IRS debunks myths about reporting stimulus payments
The Internal Revenue Service announced that an early sampling of tax returns shows a large number of errors involving how to account for last year's Economic Stimulus Payments on 2008 tax returns.
Those payments affect taxpayers' eligibility for the Recovery Rebate Credit, a special one-time benefit that nearly 119 million Americans received last year in the form of the Economic Stimulus Payment.
"Taxpayers should NOT report the stimulus payment directly on their tax return," said IRS spokesman Michael Devine. "They should only use that figure to calculate the Recovery Rebate Credit and if they are not sure what number to use, let the IRS calculate the credit."
Most taxpayers who received a stimulus payment last year are not eligible for the Recovery Rebate Credit, but there are some exceptions. Those who earned more or less in 2008 than in 2007, added a qualifying child, or ceased being a dependent in 2008, may qualify for some or all of the new credit. Also, seniors and retirees who did not file for a stimulus payment last year may qualify.
To determine eligibility for the new credit, taxpayers can either complete the recovery rebate credit worksheet when preparing their tax return or let the IRS calculate any credit based on its records.
The following are some myths and misunderstandings that may be causing increased filing errors.
Myth: The economic stimulus payment you got last year must be paid back, is taxable or lowers your refund.
Fact: The stimulus payment does not have to be paid back, is not taxable federally and does not lower your tax refund.
Myth: You must report the stimulus payment you received last year on your 2008 tax return.
Fact: You DO NOT report the stimulus payment directly on your tax return. If you are using tax software, enter the stimulus payment amount when prompted and the software will complete the calculation and enter the correct credit on your return. If you are filing a paper return, enter the stimulus payment amount on the Recovery Rebate Credit worksheet in the instruction booklet then complete the worksheet and enter the result on your return. Or, enter "RRC" on the Recovery Rebate Credit line and the IRS to figure the credit for you.
Myth: When using tax software, the amount of the refund displayed on the screen decreases as soon as you enter your stimulus payment, so that proves that it's either taxable or it reduces your refund.
Fact: Some tax software adds the Recovery Rebate Credit to your refund up front then subtracts your stimulus payment from the credit as soon as you enter the amount of payment you got. With some exceptions, people are only entitled to either the economic stimulus payment OR the Recovery Rebate Credit on their 2008 tax return, not both.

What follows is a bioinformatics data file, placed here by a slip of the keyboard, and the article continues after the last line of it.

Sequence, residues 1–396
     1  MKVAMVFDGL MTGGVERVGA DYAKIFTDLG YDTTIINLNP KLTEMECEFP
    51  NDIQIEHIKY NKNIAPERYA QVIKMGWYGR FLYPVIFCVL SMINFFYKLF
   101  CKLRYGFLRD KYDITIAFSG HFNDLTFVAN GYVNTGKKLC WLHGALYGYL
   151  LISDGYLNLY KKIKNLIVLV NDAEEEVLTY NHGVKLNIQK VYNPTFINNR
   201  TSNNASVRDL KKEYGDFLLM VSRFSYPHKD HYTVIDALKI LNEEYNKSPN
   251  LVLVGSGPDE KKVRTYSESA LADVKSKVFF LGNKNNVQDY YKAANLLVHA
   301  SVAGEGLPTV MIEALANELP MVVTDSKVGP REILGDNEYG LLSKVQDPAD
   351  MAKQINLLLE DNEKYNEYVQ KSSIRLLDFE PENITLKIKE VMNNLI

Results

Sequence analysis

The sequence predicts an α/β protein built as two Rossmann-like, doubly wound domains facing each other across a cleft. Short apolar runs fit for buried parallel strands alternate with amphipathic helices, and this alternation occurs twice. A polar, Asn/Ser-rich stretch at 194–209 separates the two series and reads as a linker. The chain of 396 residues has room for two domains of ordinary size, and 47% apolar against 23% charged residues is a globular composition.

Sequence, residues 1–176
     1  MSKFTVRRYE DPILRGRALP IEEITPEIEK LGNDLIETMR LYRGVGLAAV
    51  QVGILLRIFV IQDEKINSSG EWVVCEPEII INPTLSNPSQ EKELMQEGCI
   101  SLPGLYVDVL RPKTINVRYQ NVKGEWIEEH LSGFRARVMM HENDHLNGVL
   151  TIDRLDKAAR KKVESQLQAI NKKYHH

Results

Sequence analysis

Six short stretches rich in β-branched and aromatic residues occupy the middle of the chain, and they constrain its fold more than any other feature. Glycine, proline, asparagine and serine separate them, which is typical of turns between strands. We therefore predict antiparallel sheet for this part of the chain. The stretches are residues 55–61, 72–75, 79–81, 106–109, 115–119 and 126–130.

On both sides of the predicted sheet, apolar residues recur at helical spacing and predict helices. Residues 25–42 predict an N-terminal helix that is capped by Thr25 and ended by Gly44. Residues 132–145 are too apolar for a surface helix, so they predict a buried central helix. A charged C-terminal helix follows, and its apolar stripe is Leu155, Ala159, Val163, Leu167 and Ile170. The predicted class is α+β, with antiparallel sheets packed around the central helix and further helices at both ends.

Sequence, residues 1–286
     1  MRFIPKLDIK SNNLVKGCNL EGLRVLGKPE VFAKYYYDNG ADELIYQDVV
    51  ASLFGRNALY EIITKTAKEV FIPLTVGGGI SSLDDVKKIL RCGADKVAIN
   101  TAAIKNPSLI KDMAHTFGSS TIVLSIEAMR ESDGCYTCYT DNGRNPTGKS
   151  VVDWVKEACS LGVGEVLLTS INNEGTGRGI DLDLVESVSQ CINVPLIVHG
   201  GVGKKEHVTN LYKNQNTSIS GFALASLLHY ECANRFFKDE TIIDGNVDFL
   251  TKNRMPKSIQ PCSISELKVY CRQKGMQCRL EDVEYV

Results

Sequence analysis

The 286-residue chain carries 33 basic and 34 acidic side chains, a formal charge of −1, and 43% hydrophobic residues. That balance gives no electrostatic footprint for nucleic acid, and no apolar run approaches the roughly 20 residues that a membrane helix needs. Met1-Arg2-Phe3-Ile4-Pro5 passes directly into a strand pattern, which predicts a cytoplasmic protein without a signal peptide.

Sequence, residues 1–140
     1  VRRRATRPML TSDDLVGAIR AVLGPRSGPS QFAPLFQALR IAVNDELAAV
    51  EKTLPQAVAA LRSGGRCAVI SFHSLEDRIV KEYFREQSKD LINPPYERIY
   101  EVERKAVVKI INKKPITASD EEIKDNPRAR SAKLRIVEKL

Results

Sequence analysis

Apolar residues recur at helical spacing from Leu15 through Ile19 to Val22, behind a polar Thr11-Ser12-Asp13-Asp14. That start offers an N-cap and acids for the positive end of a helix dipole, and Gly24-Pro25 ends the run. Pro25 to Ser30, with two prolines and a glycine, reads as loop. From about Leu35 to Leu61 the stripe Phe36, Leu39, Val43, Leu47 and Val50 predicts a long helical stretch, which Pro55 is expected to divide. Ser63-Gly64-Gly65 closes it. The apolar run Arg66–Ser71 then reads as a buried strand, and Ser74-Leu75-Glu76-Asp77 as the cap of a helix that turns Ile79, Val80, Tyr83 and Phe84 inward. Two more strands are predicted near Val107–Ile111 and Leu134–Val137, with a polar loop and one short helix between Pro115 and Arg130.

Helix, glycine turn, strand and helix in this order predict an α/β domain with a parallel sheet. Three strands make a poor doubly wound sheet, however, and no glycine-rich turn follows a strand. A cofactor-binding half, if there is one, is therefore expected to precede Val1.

Myth: If you enter the amount of your stimulus payment directly on your tax return, your refund will be delayed for weeks.
Fact: Entering the amount of your stimulus payment directly on your tax return is an error and may delay your refund, usually by no more than one week.
Myth: If you can't find the amount of your stimulus payment or don't remember it, you can't get the Recovery Rebate Credit.
Fact: The IRS provides an online tool (How Much Was My Stimulus Payment?) at www.irs.gov that allows you to access the amount of your stimulus payment by entering your Social Security Number, your 2007 filing status and number of exemptions claimed. If you don't have Web access, call IRS toll-free at (866) 234-2942 and provide the same information. However, if for some reason you are unable to find out your stimulus payment amount, as a last resort make certain that the return you file claims a zero amount for the Recovery Rebate Credit on the actual return. Typically, this would best be accomplished by entering the maximum stimulus payment amount on the worksheet or when prompted by the tax software. In this situation, in which your return claims a zero amount of Recovery Rebate Credit, the IRS will automatically send you the amount of credit to which you are entitled. If you are filing a paper return, entering "RRC" on the Recovery Rebate Credit line will prompt the IRS to figure the credit for you.
Myth: If you got a stimulus payment last year, you are not eligible for the Recovery Rebate Credit.
Fact: This is true for many but not all. For example, taxpayers who added a qualifying child in 2008 or who ceased being a dependent may qualify for the credit. Seniors or retirees who did not file for the stimulus payment last year or if your financial situation changed dramatically from 2007 to 2008, you may also qualify for the credit.
Myth: The Recovery Rebate Credit will be sent as a separate check.